Last month Unity, one of the biggest game engines, tried to push out a massively controversial change to the way it does business. Namely a retroactive fee taken from devs for every install of a game—no matter how that install happened. Putting your game up on Game Pass or Humble Bundle? Doesn’t matter, Unity wanted a cut. There have been changes after the fact, but they’ve done precious little to re-establish trust with devs.
This whole debacle led to Unity’s now-former CEO, John Riccitiello, stepping down from his position. He wasn’t exactly a rockstar in the dev community, having to apologise for calling them “fucking idiots” while he was talking game monetisation. I’m no business guru, and even I could’ve told you directly insulting your user base isn’t a great move.
According to a set of anonymous industry sources from mobilegamer, those changes weren’t even well thought out to begin with. A meeting between Unity managers reportedly had plenty sounding the warning bells early.
“Half of the people in that meeting said that this model is too complicated, it’s not going to be well received and we should talk to people before we do this … they obviously did have conversations with people, but not enough … we had this meeting and were told it was happening, but we were not told a date. And then before we knew it, it was out there.”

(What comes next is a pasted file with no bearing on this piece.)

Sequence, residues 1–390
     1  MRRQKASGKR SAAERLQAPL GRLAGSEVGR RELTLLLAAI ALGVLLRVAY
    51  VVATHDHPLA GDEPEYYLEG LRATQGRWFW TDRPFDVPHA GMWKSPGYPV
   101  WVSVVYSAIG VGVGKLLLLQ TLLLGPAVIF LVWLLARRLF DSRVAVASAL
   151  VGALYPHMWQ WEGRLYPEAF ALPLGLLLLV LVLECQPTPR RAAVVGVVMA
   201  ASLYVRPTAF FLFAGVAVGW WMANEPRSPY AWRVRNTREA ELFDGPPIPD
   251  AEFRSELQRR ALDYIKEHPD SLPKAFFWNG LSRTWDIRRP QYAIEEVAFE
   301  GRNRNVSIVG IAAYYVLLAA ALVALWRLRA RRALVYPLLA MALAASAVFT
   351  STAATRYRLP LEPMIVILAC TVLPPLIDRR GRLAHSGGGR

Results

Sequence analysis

It’s also thought that the fumbled policy change was a result of dipping share prices— which were down 11% when the company laid off 600 employees in May. “Ultimately Unity has lost a lot of money over the last 18 years—billions of dollars—and they need to do something to make more money. Sadly, it wasn’t delivered well.”
Those aforementioned changes did solve some issues with the system. For example, if your game’s subject to the runtime fee, you can go for a 2.5% revenue share instead of a per-install basis, and you’ll always be charged the lower amount. In essence, studios making Unity games with low price points—or games that are free—won’t be punished just for existing.
For companies with deeper pockets, one source remarked: “It’s a negotiation. Some of the bigger clients will never pay that money because they’ll just go back to Unity, [and] agree on a number,” they then went on to say: “A lot of the outcry from indie devs was kind of misplaced really. None of them are going to get anywhere near the [$1 million mark] anyway.”
That seems a touch off-base, considering a lot of the further complaints were based on trust rather than financial snags. Garry Newman of Facepunch studios remarked that the changes “woke us up. The threat of what could happen in the future is too apparent now.” Former PC Gamer writer (and designer on games like Gunpoint and Tactical Breach Wizards) Tom Francis also shared his take in a blog post last month, addressing Unity directly.
“If I don’t seem impressed that the current terms won’t brutalise my expected revenue, it’s because it doesn’t take a genius to flash forward to your next twist of the knife … apparently you’re able and willing to change the terms under which we used your engine, placing the fees and thresholds wherever you like.” It’s clear that trust and Unity’s good will has been broken, and it’ll take far more than an altered deal to patch things up.